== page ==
One of my WordPress sites is being constantly attacked with brute force. I have the WordFence and Clef plugins installed. The number of login attempts is limited to just one. The password is very strong, the username is not an "admin". With the Clef plugin configured I wonder how attackers can even access the login & password form? But somehow I keep getting notifications from WordFence about blocked attempts. Is there any way to prevent this attacks? Are these layers of security enough?


Here's the notification example from WordFence:

A user with IP address {IP} has been locked out from the signing in or using the password recovery form for the following reason: Used an invalid username 'admin' to try to sign in.

User IP: {IP}

User hostname: {host-name}

User location: {country}

Also, in the logs, I can see requests to xmlrpc.php file.

Clef is kind of useless, I guess, because once you fail to login with the app, the normal login form will be displayed.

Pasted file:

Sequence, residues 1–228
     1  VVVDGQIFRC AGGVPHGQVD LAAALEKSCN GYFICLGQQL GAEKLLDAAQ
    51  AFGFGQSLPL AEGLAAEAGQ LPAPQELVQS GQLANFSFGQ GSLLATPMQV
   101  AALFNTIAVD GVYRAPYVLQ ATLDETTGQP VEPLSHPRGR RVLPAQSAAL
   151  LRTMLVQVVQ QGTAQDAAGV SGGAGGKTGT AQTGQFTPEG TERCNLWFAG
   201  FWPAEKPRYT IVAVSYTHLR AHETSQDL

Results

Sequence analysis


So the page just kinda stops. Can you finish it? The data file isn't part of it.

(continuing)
Is it possible to block the access to wp-login for everybody, and keep it reachable only with some kind of secret token like Clef's override feature:

  • 2
    Without your logs (or content of the alerts) we are really working in the dark here. Clef is just a 2FA app, if someone fails that, how does Wordfence respond? We need lots more data.
    – schroeder
    Commented Apr 29, 2016 at 15:34
  • @schroeder please, see the updated question
    – Nikita
    Commented Apr 30, 2016 at 7:59
  • It is my understanding that there are WP plugins that can limit access to wp-login to certain IPs
    – schroeder
    Commented Apr 30, 2016 at 15:09